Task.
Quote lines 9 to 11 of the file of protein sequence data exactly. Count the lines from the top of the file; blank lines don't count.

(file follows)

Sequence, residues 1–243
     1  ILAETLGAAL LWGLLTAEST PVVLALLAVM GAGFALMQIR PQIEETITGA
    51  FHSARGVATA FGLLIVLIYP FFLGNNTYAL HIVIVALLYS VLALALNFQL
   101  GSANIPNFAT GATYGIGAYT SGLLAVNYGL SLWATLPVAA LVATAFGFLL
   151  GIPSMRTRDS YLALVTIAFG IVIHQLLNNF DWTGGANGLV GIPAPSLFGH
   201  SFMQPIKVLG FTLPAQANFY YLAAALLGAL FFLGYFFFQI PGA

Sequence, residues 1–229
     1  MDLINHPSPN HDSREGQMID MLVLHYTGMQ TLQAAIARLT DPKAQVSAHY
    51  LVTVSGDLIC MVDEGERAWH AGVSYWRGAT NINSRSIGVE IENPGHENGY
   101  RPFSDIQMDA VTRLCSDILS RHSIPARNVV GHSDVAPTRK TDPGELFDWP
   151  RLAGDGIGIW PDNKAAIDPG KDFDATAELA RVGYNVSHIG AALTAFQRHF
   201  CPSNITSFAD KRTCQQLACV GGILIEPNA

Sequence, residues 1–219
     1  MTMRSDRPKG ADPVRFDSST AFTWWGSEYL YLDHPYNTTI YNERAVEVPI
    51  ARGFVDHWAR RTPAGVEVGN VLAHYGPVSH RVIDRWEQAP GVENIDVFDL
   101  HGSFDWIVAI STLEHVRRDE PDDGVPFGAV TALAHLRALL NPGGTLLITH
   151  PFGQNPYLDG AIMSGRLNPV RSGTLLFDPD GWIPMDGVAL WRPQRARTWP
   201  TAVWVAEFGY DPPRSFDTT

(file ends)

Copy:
    51  LVTVSGDLIC MVDEGERAWH AGVSYWRGAT NINSRSIGVE IENPGHENGY
   101  RPFSDIQMDA VTRLCSDILS RHSIPARNVV GHSDVAPTRK TDPGELFDWP
   151  RLAGDGIGIW PDNKAAIDPG KDFDATAELA RVGYNVSHIG AALTAFQRHF